I am 16 years old and recently got my first job in retail sales. However, after nearly six months, I feel that I don’t get the respect or attention I deserve. Most of my co-workers are in their 20s or 30s, which isn’t a huge age difference, but I feel they look down on me as immature, even though that’s not the case.
I’m often excluded from idle conversations and rarely get help with my sales work. To make matters worse, my enthusiastic attitude when talking with customers has attracted the ire of a particular co-worker who, I have been told, badmouths me to other employees, including the manager.
Most of the employees in my department seem like genuinely nice people and I know we share a lot of interests. I can understand why they wouldn’t want to make friends with a 16-year-old, but I really want to make connections. How can I change their prejudices about my age and become a person they enjoy talking to?
Billy Anderson – Founder, Made You Think Coaching, Toronto
As human beings, we have a built-in desire to belong and feel respected. That’s how we’ve survived since we lived in caves.
Realistically, if your colleagues are in their 20s or 30s, then there is an age gap. They may never include you in all their conversations, but you’re right, they should make you feel included and respected. Everyone deserves that.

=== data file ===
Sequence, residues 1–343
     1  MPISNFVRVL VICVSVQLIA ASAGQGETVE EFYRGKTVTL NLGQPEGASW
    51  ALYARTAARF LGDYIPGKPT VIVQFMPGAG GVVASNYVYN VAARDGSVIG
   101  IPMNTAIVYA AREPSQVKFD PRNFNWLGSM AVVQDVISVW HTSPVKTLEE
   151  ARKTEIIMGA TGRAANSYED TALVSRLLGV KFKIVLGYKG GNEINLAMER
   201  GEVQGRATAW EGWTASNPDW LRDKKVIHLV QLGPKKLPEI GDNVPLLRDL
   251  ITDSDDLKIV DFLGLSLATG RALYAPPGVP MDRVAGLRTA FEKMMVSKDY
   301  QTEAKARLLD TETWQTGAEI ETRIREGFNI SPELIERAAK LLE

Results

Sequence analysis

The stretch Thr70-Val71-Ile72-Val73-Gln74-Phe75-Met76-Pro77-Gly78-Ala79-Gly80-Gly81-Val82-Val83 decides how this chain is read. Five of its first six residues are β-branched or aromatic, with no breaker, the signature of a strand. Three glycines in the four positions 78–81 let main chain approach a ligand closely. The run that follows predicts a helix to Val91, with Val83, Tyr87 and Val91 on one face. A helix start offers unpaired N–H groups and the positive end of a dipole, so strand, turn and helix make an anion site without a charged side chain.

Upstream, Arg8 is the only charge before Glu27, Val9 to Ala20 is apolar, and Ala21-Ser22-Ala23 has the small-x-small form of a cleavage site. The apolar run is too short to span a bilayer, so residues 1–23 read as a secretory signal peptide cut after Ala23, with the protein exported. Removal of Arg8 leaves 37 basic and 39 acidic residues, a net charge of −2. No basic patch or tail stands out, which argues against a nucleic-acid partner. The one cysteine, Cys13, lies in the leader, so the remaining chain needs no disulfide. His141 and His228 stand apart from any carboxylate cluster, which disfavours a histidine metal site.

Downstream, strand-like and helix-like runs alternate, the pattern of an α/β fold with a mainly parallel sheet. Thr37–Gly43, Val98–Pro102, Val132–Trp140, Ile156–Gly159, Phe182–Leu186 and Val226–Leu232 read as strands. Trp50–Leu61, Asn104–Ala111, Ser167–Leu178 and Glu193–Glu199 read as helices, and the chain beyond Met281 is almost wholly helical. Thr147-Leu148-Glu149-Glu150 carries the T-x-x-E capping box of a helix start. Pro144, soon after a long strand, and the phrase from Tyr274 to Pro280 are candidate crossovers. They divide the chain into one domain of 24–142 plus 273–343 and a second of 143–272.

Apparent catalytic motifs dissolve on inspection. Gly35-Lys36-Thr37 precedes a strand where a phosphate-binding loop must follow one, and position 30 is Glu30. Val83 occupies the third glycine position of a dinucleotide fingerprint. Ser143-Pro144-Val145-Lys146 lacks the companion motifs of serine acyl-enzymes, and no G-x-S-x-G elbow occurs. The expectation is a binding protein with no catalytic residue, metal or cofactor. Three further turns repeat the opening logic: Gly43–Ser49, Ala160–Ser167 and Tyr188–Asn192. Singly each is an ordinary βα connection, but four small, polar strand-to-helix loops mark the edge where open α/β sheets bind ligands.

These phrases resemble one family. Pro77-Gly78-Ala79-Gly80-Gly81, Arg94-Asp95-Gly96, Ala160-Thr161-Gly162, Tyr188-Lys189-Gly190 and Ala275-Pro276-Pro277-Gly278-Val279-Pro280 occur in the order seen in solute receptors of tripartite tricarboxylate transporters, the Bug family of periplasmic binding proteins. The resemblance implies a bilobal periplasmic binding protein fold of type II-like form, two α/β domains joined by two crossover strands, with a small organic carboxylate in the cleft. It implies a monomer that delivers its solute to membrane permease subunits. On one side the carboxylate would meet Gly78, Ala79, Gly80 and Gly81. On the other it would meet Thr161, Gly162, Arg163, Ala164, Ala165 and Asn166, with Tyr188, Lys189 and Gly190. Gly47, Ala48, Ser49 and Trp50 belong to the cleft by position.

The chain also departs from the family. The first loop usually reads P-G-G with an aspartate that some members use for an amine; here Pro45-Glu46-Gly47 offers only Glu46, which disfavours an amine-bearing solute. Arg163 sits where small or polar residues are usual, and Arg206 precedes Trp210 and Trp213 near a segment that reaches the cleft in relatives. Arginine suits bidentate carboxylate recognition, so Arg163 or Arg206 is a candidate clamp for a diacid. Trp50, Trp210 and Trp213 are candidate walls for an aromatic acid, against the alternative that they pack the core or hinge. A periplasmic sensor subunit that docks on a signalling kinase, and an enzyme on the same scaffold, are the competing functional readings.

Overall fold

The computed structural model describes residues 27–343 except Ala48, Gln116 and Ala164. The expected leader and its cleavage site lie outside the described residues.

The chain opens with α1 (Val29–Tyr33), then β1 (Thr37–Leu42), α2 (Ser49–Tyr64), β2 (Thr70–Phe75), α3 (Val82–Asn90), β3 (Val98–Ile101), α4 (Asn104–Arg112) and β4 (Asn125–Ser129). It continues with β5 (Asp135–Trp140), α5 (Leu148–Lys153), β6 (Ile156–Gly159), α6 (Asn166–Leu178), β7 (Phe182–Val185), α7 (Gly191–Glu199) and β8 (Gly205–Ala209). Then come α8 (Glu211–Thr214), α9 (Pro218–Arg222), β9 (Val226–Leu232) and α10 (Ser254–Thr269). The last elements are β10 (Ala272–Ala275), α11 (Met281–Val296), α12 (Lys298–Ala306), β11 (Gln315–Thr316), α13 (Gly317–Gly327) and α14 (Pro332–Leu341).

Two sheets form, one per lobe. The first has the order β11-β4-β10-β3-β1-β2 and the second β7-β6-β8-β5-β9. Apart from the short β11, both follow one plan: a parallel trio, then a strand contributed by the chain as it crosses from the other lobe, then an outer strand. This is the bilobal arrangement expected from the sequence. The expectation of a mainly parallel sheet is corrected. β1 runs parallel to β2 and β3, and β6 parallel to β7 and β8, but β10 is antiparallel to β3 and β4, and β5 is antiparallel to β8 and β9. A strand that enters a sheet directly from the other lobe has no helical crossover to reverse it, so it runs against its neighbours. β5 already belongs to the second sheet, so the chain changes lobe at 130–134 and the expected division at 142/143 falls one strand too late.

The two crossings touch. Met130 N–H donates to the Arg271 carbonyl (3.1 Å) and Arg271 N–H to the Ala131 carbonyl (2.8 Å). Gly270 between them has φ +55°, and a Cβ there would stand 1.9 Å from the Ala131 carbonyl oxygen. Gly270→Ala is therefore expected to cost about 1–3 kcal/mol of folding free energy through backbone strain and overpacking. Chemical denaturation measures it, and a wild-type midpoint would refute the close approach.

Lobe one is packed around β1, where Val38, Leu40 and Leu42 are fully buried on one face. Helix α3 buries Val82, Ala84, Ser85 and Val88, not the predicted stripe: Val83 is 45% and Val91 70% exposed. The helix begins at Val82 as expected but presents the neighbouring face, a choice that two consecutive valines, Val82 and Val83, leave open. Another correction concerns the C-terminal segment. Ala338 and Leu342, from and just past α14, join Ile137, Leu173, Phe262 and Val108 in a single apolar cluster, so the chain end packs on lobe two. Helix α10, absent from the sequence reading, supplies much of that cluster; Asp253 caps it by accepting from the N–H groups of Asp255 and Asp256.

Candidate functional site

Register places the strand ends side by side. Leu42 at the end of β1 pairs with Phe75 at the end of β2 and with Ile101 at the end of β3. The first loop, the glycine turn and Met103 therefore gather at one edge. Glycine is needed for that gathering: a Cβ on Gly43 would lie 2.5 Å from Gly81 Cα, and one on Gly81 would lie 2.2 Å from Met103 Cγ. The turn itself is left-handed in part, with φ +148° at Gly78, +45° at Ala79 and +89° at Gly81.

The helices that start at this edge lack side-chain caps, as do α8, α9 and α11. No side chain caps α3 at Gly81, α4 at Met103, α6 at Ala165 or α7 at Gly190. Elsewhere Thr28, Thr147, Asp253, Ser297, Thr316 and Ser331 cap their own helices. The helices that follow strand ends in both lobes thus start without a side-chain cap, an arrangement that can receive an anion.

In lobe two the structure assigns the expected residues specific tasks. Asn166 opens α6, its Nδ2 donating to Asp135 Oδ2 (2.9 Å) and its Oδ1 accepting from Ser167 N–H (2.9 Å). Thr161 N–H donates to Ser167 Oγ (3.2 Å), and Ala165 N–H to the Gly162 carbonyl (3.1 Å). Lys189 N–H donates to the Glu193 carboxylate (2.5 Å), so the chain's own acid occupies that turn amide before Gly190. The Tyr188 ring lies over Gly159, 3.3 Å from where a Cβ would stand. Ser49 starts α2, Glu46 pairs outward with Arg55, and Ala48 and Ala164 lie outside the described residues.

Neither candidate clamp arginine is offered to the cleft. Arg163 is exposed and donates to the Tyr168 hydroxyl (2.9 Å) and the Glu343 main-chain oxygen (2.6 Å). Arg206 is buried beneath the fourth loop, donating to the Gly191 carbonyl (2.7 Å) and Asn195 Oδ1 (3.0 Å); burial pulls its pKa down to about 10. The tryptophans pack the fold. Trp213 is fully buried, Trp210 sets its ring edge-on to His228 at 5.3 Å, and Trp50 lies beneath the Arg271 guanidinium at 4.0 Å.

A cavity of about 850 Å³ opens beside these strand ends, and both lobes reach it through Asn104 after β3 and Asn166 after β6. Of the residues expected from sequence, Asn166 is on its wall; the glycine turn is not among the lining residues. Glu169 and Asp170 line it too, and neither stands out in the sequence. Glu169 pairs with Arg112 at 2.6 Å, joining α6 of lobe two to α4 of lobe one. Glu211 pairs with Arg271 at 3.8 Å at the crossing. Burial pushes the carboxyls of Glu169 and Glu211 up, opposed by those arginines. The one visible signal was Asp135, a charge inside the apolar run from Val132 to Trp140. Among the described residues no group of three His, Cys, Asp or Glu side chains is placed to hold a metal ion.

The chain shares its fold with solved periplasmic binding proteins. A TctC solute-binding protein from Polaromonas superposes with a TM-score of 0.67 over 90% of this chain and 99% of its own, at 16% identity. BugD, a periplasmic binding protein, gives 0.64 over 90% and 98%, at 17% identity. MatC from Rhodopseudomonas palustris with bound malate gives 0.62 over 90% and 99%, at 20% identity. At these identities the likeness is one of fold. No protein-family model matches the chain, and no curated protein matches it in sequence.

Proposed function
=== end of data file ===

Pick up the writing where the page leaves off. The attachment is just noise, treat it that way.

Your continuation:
As with all challenges in life, first check your assumptions. Your colleagues may not actually be looking down on you as much as you think. Perhaps they feel that a younger person like you might not want to talk to them.
Try showing some interest in them as people, not just as colleagues. Ask how their weekend was and discuss your similar interests.
The badmouthing should definitely be addressed, since your reputation is at stake. You could ask your boss for advice on how to handle the situation, but don’t name names and make it clear that you would prefer to try and improve the relationship yourself. That shows you’re not a whiner and you’re willing to take responsibility, while making your boss aware that an issue exists.
Above all, keep working hard and treating people the way you want to be treated. It’s the best way to build connections.